In response to the coronavirus pandemic, the federal government, as well as many States, have enacted eviction and foreclosure moratoriums in an effort to keep homeowners and renters in their homes and slow the spread of Covid-19. One such moratorium was included by Congress in the Coronavirus Aid, Relief, and Economic Securities (CARES) Act, which was enacted earlier this year. The CARES Act provided, among other things, for a 120-day eviction moratorium for tenants who participated in federal housing assistance programs or who lived in a property that was federally related or financed. The CARES Act eviction moratorium, which expired on July 24, 2020, prohibited landlords from commencing new evictions proceedings or charging late fees, penalties and/or other charges against eligible tenants for non-payment of rent during the moratorium period.
This week, citing concerns with the continued spread of Covid-19, the Center for Disease Control and Prevention (the “CDC”) issued a new order temporarily halting residential evictions nationwide through December 31, 2020 (unless extended). The order would prohibit landlords, owners of residential properties, or any other person with the right to pursue an eviction action, from commencing eviction proceedings against any eligible non-paying tenant affected by the Covid-19 pandemic. The new CDC order does not, however, preclude evictions for reasons other than non-payment of rent or release qualifying tenants from their obligation to pay rent or to comply with the other terms of their rental agreement. In addition, the order does not preclude foreclosures of home mortgages.
Unlike the CARES Act, the protections provided in the CDC order are available to all qualifying residential tenants and not just those tenants who receive federal housing assistance or who lived in a federally related or financed property. In addition, the order does not prohibit landlords from imposing late fees, fines and/or from charging interest on unpaid rent while the moratorium is in effect.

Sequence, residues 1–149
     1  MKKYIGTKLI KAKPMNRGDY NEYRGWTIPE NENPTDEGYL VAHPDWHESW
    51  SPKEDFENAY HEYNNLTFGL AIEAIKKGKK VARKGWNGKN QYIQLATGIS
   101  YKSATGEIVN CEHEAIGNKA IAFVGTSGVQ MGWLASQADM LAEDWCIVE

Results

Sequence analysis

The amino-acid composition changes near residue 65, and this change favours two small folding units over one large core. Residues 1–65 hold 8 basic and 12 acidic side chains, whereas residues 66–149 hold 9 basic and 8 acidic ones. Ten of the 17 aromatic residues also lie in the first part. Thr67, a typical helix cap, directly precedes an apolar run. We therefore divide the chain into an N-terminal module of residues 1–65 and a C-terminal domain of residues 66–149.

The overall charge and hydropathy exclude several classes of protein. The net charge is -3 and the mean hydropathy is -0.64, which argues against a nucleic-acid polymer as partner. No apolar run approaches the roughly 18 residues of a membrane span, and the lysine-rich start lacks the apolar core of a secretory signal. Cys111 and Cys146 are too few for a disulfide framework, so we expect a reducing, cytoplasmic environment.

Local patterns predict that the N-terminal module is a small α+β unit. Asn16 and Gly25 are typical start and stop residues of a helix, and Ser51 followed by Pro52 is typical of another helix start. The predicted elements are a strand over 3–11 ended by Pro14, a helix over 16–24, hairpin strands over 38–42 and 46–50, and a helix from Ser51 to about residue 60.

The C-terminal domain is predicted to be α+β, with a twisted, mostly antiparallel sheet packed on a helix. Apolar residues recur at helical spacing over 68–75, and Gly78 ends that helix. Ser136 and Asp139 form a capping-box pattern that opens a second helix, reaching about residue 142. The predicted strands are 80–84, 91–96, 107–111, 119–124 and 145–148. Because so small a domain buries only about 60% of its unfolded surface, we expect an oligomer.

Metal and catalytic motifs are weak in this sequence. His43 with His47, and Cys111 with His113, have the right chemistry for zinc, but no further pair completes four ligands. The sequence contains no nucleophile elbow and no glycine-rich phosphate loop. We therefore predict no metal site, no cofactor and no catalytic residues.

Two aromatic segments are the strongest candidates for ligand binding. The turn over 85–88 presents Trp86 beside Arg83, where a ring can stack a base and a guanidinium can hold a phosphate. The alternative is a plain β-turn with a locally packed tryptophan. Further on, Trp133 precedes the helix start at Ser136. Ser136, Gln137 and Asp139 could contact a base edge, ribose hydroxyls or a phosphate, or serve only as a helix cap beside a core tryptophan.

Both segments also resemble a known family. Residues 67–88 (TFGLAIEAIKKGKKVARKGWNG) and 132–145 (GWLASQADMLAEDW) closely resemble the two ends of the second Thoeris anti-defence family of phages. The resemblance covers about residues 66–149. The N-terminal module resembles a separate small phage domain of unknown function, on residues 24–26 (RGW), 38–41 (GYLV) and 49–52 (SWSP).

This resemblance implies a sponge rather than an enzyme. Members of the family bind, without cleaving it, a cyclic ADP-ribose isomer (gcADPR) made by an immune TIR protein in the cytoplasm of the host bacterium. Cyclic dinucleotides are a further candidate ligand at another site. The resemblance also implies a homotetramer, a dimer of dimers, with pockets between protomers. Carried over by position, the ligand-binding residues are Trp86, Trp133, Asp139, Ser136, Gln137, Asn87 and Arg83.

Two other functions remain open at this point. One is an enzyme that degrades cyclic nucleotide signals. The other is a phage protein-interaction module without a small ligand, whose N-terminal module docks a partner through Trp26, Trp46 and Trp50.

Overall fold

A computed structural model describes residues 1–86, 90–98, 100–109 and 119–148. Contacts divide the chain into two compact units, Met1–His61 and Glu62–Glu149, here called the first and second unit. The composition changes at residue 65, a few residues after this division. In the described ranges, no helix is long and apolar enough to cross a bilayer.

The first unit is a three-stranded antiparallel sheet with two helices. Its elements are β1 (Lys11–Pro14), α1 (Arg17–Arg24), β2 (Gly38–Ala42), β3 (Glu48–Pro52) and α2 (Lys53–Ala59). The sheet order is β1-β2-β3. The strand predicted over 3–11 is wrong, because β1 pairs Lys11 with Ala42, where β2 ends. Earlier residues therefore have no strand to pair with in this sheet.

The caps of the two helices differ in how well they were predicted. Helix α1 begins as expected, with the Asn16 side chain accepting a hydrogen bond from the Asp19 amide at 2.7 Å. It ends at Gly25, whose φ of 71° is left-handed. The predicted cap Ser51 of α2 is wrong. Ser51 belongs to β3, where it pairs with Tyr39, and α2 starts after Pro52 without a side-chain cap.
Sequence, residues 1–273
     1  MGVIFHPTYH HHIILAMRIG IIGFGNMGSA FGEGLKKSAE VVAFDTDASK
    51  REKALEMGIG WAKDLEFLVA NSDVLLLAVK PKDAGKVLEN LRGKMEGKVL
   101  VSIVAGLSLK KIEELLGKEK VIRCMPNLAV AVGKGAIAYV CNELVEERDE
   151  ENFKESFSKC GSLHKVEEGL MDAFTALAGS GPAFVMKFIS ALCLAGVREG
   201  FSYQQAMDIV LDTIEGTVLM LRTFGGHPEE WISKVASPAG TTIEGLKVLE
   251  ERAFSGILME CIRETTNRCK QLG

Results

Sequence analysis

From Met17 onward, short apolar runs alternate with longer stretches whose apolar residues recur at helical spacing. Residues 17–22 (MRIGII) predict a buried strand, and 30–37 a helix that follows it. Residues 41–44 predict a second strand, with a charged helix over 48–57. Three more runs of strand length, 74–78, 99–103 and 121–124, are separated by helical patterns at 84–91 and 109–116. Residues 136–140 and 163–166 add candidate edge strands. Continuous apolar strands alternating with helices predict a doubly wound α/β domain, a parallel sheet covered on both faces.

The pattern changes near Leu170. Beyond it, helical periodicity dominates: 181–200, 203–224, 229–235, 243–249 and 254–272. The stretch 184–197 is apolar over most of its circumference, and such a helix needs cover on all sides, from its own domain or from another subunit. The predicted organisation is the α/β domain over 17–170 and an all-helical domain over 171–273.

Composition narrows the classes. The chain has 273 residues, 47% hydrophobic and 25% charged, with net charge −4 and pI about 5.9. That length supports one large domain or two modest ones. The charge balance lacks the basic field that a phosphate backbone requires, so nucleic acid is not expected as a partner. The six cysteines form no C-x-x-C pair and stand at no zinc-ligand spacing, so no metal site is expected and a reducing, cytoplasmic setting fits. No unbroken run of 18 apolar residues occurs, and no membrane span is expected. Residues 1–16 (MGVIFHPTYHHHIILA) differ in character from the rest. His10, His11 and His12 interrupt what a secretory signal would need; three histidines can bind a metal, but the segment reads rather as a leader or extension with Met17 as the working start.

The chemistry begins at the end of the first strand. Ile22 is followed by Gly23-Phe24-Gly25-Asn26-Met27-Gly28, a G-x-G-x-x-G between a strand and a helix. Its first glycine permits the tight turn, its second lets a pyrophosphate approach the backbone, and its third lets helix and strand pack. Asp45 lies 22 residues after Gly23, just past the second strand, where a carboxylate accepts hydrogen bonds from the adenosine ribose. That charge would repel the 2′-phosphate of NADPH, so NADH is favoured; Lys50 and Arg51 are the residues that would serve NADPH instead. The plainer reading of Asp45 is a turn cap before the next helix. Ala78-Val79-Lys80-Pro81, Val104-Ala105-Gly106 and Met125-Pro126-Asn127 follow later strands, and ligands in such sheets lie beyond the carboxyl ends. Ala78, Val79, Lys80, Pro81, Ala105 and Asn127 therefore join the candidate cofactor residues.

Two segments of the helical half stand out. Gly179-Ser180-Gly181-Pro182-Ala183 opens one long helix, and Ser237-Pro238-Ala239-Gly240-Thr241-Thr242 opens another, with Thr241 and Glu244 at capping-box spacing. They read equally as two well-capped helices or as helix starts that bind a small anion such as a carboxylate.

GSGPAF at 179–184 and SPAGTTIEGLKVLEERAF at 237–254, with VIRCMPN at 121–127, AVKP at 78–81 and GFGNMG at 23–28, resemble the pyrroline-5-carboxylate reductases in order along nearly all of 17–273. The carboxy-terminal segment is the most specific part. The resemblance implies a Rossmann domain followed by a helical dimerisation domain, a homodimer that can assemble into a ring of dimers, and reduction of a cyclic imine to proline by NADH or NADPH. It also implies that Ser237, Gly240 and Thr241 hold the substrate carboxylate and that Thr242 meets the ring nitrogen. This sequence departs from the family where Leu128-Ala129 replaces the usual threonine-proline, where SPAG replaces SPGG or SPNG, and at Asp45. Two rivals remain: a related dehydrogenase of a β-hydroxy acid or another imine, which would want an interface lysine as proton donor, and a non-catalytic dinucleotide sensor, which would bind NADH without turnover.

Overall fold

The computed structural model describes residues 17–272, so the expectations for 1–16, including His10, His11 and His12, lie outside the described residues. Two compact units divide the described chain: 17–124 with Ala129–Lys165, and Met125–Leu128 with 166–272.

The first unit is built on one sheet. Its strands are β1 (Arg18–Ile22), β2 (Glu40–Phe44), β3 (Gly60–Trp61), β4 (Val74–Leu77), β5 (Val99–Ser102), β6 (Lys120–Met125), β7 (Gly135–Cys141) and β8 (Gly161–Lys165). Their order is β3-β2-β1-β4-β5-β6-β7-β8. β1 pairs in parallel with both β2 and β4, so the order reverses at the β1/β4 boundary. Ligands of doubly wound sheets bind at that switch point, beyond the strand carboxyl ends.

In order to qualify, tenants must submit a “Declaration” to their landlord, the owner of the residential property, or any other person who has the right to commence an eviction action, claiming their eligibility under the new CDC order. The declaration must include the following statements from each adult tenant listed on the rental agreement: (1) that the tenant has used his/her best efforts to obtain all available governmental rental or housing assistance; (2) that the tenant either (i) expects to earn no more than $99,000 (or $198,000 for joint filers) during the 2020 calendar year, (ii) was not required to file an income tax return with the IRS for the year 2019, or (iii) received an Economic Impact Payment under the CARES Act; (3) that the tenant is unable to make rental or housing payments when due as a result of a substantial loss of household income, loss of hours of work or wages, being lay-off or due to “extraordinary” out-of-pocket medical expenses; (4) that the tenant is using his/her best efforts to make partial rental payments, taking into account such tenant’s other non-discretionary expenses; and (5) that the eviction of such tenant would likely result in such tenant being homeless or such tenant having to move into a “closed quarters” shared living space. Failure by any landlord to comply with the CDC order will result in criminal penalties.
The CDC order will only be applicable to those States, local, territorial, or tribal areas that do not already have an eviction moratorium in place that provides for the same or greater tenant protection than those provided in the CDC order.
We will continue to monitor these and other proposed legislation of interest and provide updates as needed.